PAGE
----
Property law is the region of law that governs the various forms of ownership and tenancy in real property (land as distinct from private or movable possessions) and in personal property, within the law legal. In the civil law system, there is a partition between movable and immovable property. Movable property roughly corresponds to personal property, when immovable property corresponds to real estate or real property, and the associated rights and obligations thereon.
The thought, idea or philosophy of property underlies all property law. In some jurisdictions, historically all property was owned through the monarch and it devolved through feudal land tenure or other feudal systems of loyalty and fealty.
Though the Napoleonic code was among the primary government acts of modern to introduce the notion of absolute ownership into statute, protection of private property rights was present in medieval law and jurisprudence, and in more feudalist forms in the general law courts of medieval and early modern England.
The word property, in everyday usage, refers to an object (or objects) owned by a being a car, a book, or a cell phone — and the relationship the person has to it. In law, the idea acquires a more nuanced rendering. Factors to consider include the nature of the object, the relationship between the person and the thing, the relationship between a numbers of people in relation to the object, and how the purpose is regarded within the prevailing political system. Most broadly and concisely, property in the legal sense refers to the rights of public in or over certain objects or things.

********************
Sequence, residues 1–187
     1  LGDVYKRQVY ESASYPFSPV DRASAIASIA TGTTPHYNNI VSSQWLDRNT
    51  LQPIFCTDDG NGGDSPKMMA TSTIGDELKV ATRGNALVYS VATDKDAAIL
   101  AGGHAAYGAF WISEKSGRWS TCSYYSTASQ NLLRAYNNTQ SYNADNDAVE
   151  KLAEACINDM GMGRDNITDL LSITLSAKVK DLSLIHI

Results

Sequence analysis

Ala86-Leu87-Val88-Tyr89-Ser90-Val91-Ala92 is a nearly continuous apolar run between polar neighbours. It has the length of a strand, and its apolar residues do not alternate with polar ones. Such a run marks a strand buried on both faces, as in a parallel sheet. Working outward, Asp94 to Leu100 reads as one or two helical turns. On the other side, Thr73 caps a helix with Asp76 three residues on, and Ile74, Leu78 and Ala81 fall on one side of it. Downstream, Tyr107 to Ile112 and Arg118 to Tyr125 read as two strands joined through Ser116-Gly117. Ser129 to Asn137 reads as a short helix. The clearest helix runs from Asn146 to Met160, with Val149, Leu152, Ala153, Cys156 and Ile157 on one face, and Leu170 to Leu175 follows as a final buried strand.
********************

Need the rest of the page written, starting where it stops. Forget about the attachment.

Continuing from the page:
The contractual right to sue for damage, and the property right exercisable over the land. More small property rights may be created by contract, as in the case of easements, covenants, and fair servitude.
A separate distinction is evident where the rights granted are not sufficiently substantial to confer on the no owner a definable notice or right in the thing. The clearest example of these rights is the license. In common, even if licenses are created by a binding contract, they do not give rise to property interests.